In his op-ed piece in The New York Times on Sunday, Nobel Prize-winning economist Paul Krugman argued that if the Obama administration and Congress on the one hand and Fed on the other withdraw their stimulus programs, that the economy will collapse again, as it did in 1937 when FDR made similar moves, wrongly assuming the Great Depression was over. Krugman wrote "As you read the economic news, it will be important to remember, first of all, that blips -- occasional good numbers, signifying nothing -- are common even when the economy is, in fact, mired in a prolonged slump."%%DynaPub-Enhancement class="enhancement contentType-HTML Content fragmentId-1 payloadId-61603 alignment-right size-small"%% Krugman is suggesting taking a safe road. The Obama stimulus of $787 billion will have its maximum effect this year, he notes. Simultaneously, the Fed will begin to end its purchases of government debt and mortgage-backed securities. If the stimulus is not increased within a few months and the Fed does not keep up its intervention, which includes keeping interest rates near zero, the oxygen to a weakened economy will be shut off. These things, Krugman argues, will cause a double-dip recession.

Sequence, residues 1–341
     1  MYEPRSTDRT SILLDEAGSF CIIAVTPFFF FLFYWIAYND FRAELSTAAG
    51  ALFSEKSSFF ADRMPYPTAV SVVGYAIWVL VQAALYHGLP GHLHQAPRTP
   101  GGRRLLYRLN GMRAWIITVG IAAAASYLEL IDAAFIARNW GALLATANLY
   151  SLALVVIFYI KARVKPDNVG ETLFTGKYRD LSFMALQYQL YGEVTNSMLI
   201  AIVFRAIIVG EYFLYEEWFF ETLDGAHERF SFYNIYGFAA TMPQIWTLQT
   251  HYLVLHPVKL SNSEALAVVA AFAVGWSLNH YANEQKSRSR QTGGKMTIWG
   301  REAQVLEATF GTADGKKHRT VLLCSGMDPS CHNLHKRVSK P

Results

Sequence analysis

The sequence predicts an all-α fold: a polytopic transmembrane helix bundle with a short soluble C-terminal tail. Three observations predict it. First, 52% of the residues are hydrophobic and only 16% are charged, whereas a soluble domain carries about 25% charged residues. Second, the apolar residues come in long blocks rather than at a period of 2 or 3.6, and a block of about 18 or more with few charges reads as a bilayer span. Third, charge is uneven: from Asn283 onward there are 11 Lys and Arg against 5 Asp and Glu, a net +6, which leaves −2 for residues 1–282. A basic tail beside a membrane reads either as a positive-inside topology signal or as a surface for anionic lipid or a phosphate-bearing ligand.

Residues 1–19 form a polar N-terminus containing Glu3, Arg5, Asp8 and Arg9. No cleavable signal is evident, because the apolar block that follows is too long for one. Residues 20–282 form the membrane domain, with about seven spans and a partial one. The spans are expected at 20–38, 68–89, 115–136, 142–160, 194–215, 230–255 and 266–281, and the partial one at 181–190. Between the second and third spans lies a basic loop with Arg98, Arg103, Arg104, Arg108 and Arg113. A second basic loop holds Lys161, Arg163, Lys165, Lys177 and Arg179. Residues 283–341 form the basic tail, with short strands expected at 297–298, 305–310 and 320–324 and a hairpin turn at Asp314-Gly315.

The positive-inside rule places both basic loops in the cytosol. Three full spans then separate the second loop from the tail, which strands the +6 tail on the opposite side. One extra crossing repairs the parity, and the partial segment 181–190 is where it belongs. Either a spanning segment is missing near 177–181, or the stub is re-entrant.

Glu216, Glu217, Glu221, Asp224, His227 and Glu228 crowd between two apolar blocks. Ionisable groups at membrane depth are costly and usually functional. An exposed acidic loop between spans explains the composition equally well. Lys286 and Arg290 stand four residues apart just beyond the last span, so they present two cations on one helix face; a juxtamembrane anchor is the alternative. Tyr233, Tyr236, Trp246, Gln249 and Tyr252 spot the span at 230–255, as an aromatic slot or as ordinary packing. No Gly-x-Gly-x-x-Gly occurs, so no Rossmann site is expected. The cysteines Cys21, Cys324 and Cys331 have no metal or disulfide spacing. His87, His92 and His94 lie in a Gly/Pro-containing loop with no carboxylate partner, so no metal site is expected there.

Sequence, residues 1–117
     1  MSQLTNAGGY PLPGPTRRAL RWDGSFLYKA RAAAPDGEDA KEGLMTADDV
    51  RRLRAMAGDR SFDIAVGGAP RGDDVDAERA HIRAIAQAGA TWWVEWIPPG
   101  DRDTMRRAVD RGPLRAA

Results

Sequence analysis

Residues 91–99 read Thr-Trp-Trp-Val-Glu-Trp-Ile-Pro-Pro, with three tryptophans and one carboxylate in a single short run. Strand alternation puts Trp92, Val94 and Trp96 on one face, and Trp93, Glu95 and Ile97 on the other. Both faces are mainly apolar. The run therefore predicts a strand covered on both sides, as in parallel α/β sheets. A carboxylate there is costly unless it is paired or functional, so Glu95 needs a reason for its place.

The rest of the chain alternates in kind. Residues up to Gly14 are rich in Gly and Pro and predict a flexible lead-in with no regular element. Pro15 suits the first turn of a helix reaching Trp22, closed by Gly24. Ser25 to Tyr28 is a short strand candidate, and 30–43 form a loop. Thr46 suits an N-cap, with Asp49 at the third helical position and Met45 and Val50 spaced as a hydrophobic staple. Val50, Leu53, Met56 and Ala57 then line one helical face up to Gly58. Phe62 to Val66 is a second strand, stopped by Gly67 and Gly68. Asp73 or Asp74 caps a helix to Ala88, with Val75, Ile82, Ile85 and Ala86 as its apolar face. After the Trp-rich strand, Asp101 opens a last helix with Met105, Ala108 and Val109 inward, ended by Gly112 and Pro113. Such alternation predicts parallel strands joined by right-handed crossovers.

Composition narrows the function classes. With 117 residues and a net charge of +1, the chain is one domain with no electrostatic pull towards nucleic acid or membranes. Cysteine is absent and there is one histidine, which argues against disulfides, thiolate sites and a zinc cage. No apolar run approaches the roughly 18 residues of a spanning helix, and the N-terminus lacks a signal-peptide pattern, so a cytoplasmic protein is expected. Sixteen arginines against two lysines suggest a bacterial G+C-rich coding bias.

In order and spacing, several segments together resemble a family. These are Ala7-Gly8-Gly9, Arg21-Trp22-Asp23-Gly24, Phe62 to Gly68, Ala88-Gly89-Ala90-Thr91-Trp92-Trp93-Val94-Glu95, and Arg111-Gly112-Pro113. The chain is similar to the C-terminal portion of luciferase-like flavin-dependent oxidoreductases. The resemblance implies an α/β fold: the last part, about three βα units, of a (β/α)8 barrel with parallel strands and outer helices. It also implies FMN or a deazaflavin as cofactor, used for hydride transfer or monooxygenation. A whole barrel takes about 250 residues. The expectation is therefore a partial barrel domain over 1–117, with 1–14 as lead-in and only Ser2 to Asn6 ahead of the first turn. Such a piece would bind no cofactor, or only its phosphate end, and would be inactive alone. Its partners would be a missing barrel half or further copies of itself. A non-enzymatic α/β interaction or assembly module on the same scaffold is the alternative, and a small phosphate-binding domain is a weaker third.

The counterargument to Krugman's prescription of further stimulus is simple. A number of economists believe that the increasing deficit and rising national debt will inevitably cause a rise in interest rates. The global capital markets can only support so much U.S. borrowing, which will force the Treasury to raise rates. The other "solution" to a growing debt burden is raising taxes. That is usually a prescription for lower consumer and business spending. What goes to the IRS does not go into GDP.
Krugman has presented only half of a "damned if you do, damned if you don't" problem. An increased commitment to stimulating the economy could stimulate both higher taxes and higher interest rates. Those could cause another recession as well.